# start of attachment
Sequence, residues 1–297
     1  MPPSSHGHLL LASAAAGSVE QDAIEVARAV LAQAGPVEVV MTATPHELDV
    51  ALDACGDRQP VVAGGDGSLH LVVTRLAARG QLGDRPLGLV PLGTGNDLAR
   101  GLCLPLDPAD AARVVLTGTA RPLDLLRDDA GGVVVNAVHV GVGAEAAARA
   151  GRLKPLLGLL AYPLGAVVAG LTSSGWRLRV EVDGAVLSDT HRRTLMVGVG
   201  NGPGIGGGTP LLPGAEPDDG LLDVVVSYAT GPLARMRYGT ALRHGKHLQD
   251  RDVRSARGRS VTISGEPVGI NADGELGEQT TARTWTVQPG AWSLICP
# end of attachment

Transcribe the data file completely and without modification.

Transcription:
Sequence, residues 1–297
     1  MPPSSHGHLL LASAAAGSVE QDAIEVARAV LAQAGPVEVV MTATPHELDV
    51  ALDACGDRQP VVAGGDGSLH LVVTRLAARG QLGDRPLGLV PLGTGNDLAR
   101  GLCLPLDPAD AARVVLTGTA RPLDLLRDDA GGVVVNAVHV GVGAEAAARA
   151  GRLKPLLGLL AYPLGAVVAG LTSSGWRLRV EVDGAVLSDT HRRTLMVGVG
   201  NGPGIGGGTP LLPGAEPDDG LLDVVVSYAT GPLARMRYGT ALRHGKHLQD
   251  RDVRSARGRS VTISGEPVGI NADGELGEQT TARTWTVQPG AWSLICP